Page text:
1. For starters, make sure that your water system is winterized. It is much easier to winterize than most people think, and it’s not that expensive. The good news is it is still possible to use the bathroom facilities! We take 1-gallon jugs filled with water to use in the toilet. If your holding tanks are not heated, you can add some RV antifreeze to the holding tanks to prevent the contents from freezing. Add the RV antifreeze through the toilet for the black-water holding tank and down the shower or tub drain for the gray water tank. The antifreeze will also protect the shower or bathtub P-trap, which is usually located below floor level. The amount of RV antifreeze required for the holding tanks will depend on the size of the holding tanks, and the amount in the tanks. It will be necessary to add more RV antifreeze as waste-water accumulates to prevent the antifreeze from being too diluted. During cold-weather camping do not allow the holding tanks to fill completely before emptying them (unless the holding tanks are heated). This will reduce the chance of freezing, which can damage the holding tank and tank plumbing components. When using the winterized camper, take bottled water along for drinking and other needs like cooking and brushing your teeth. We fill a 5-gallon jug with tap water from our house for our pet’s drinking water and other uses like washing up.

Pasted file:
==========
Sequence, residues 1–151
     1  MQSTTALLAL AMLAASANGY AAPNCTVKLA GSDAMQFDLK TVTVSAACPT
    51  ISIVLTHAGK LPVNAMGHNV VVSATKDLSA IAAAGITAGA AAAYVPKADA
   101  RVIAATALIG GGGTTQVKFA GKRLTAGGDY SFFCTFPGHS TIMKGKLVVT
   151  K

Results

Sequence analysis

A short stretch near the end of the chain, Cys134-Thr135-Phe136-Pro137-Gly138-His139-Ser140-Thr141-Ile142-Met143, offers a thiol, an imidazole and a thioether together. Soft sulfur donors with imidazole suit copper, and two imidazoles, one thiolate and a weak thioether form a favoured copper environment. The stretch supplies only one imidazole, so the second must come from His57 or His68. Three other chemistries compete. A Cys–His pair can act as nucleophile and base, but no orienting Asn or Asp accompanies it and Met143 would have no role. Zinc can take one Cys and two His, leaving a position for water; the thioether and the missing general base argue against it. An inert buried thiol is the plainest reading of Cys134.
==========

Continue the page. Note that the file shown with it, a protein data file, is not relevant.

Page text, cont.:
2. Stay in the Sun and out of the wind where possible. When we arrive at our winter camping destination I try to select a site that will be exposed to the sun throughout the day, but also where there is some type of wind break available. Position the camper on the site so the front or rear is facing the brunt of any wind, not the sides of the RV.